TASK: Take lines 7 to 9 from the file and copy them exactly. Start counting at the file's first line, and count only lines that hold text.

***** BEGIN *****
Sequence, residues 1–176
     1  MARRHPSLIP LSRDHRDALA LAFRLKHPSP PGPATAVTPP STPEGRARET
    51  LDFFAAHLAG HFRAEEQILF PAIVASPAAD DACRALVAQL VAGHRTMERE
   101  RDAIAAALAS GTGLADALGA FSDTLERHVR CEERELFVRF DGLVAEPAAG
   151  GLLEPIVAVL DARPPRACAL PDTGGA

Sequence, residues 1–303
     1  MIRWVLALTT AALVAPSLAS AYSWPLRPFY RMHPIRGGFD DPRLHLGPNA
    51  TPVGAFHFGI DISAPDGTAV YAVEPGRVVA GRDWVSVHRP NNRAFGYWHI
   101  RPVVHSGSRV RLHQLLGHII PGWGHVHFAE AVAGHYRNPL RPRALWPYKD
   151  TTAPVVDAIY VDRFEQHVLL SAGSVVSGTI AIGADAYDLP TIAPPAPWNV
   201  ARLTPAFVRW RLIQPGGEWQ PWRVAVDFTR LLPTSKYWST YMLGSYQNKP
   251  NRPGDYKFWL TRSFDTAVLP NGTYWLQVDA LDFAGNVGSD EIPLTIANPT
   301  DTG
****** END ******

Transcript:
     1  MIRWVLALTT AALVAPSLAS AYSWPLRPFY RMHPIRGGFD DPRLHLGPNA
    51  TPVGAFHFGI DISAPDGTAV YAVEPGRVVA GRDWVSVHRP NNRAFGYWHI
   101  RPVVHSGSRV RLHQLLGHII PGWGHVHFAE AVAGHYRNPL RPRALWPYKD